The Column Online



by Paul Freed

Garland Civic Theatre

Director: Kyle McClaran
Stage Manager ? Drusilla Blakey
Set Design ? Kyle McClaran
Costume Design ? Kyle McClaran
Lighting Design ? Donna Covington
Sound Design ? Kyle McClaran
Properties ? Drusilla Blakey


Henry Meadowbrook ? Timothy Turner-Parrish
Lady Riverdale ? Mary Tiner
Dyslexia ? Meredith Moore
John Stone ? Marc Calloway
Ralph Deadwood ? Sergio Liibo Rodriguez
Margaret Daniels ? Marilyn Twyman
Alfred Mellox ? Duncan Rogers
Edith Chiles ? Julia E. Cotton
Dick Simmering ? Larry Borero
Anne ? Summer Steinfeld
Sweet Pea Meadowbrook ? Julia E. Cotton
Ed Parlor ? Timothy Turner-Parrish

Reviewed Performance: 1/22/2012

Reviewed by Jeremy William Osborne, Associate Critic for John Garcia's THE COLUMN

Death by Chocolate is a play written with a purpose. That purpose is solely to entertain an audience. With the help of a great director and a wonderful cast, it accomplishes that goal well.

As you walk into the theater at the Granville Arts Center in Garland, you are met with a lavishly decorated set, bordering on over-decoration. Coupled with the instrumental pre-show music which lends a fun, macabre mood to the scene, the set design's frenetic style well prepares the audience for the events they are about to witness. There is almost too much at which to look.

The lighting design also adds to the eerie mood of the scene, playing heavily in red and amber colors and casting dark shadows into the corners. Additionally, a green laser light is focused on stage left, giving the appearance of little pixies floating across the scenery.

Death by Chocolate begins, as murder mysteries tend to, with a murder. And with the murder the audience is treated to the farcical, convulsing, zany death scene that is repeated throughout the play. Physical comedy defines the performances in Death by Chocolate. However, technophobes should be wary and avoid the front row.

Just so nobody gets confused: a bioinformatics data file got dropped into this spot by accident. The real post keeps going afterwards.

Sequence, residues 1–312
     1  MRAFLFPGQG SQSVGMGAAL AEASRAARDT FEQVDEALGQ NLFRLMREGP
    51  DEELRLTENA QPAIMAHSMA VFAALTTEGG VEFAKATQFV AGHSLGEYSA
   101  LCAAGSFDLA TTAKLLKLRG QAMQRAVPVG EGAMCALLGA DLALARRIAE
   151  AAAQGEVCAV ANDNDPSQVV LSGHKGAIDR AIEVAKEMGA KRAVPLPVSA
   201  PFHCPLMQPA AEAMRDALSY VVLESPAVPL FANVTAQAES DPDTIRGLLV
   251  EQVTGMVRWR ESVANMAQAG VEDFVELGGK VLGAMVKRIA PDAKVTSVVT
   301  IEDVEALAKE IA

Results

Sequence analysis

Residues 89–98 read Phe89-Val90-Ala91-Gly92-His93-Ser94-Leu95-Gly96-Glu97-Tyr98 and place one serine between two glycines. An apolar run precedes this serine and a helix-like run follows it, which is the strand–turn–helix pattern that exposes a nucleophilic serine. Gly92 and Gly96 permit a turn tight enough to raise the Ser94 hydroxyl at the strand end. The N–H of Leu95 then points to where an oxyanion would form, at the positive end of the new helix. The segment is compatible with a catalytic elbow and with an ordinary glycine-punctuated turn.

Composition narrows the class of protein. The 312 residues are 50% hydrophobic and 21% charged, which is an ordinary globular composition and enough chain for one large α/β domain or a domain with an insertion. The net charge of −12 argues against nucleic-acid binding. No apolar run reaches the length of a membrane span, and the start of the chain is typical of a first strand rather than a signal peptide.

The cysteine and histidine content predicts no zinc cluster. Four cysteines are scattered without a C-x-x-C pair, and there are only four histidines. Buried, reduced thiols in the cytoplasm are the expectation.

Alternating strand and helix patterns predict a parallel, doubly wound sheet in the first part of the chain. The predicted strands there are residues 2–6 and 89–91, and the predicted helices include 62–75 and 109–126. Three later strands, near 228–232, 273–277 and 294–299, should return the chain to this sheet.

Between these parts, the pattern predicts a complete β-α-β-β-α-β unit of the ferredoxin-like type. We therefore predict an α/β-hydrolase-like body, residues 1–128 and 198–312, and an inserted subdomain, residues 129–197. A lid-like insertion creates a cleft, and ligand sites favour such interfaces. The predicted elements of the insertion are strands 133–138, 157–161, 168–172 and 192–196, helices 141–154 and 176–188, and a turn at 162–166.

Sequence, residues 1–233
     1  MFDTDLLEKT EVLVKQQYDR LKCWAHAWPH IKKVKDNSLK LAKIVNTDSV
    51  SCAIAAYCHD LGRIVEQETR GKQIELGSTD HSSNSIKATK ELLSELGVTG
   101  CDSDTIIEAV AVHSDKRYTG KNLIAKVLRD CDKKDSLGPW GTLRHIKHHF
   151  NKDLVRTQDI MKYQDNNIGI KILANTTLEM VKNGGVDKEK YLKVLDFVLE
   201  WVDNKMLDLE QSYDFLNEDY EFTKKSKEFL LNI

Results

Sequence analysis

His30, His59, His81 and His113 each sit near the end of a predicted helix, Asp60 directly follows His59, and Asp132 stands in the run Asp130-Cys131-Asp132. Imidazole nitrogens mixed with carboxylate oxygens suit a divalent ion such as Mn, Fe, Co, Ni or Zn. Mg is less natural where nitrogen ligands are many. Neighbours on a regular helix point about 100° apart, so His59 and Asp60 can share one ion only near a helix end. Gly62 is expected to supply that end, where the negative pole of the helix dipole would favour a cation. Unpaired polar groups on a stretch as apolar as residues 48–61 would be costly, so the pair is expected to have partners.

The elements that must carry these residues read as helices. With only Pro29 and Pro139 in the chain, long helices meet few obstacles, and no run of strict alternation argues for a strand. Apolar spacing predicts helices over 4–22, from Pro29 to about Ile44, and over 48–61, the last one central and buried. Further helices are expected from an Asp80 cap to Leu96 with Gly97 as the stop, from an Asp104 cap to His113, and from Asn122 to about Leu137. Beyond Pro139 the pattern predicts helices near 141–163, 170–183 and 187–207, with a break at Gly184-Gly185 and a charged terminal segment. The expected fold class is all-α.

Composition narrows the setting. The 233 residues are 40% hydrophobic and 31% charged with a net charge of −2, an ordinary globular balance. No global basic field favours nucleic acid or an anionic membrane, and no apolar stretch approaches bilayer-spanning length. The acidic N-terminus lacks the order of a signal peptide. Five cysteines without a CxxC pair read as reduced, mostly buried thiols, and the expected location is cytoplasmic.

All characters in Death by Chocolate have their dark secrets or failings, making them all suspects in the series of mysterious deaths. A fact pointed out by Ed Parlor, the eccentric murder-mystery writer who appears on the scene ready to help solve the mysteries and in the process use the events as a premise for his next book. His discussion of the formula for writing a murder-mystery laughably coincides with the action of the play.

Each character is a broad representation of a type. John Stone is the inept leader, a la Groucho Marx's Rufus T. Firefly. There's the Hispanic lothario, Ralph Deadwood, who oozes machismo. Dick Simmering is the fabulously flamboyant aerobics instructor. And the hilarious use of a padded suit to fill out the characters of Edith Chiles and Sweet Pea, both played by the greatly talented Julia E. Cotton, add to the hilarity of a scene simply with their presence.

Meredith Moore, as the sassy Dyslexia, turns in an extraordinary performance. Each word she speaks is dripping with sarcasm and/or contempt. Dyslexia doesn't attempt to hide her displeasure as she huffs and begrudgingly moves around the stage as if each movement requires more effort than it is worth. The audience must wonder what more is there to this character that makes her act this way.

Duncan Rogers as the janitor Alfred Mellox also delivers a performance worthy of praise. Duncan's portrayal is gruff but intelligent and layered. We see Alfred discover and promptly cover up the murder in the first scene as a suicide. However, he also lovingly cares for Sweet Pea, the daughter of the deceased Meadowbrook. Can he truly be trusted?

Making her stage debut as Anne, the constantly hysterical, pill-popping nurse, Summer Steinfeld does an exceptional job. Watching her become increasingly intoxicated and stagger around the stage as Death by Chocolate goes on is highly entertaining. I'm sure we'll gladly see her take on more roles in the near future.

Death by Chocolate keeps the audience guessing "Who done it?" while they try to catch their breath from laughter. With an assembly of characters straight out of a clown college, a haunting lighting design, and a fun soundtrack reminiscent of Beetlejuice or The Addams Family, it is an enjoyable evening out any one can appreciate.

Garland Civic Theatre
Granville Arts Center
300 N. Fifth St. Garland, TX 75040

Runs through February 11th, 2012

Thursday, January 26th only at 7:30 pm
Fridays and Saturdays at 8:00pm with Sunday matinees at 2:30pm
Special Saturday, Feb. 11th performance times at 12:30 pm and again at 6:00 pm.

Tickets are $22 for adults
Groups of 10 or more are $18 each.

For information, go to
To purchase tickets, call their box office at (972) 205-2790.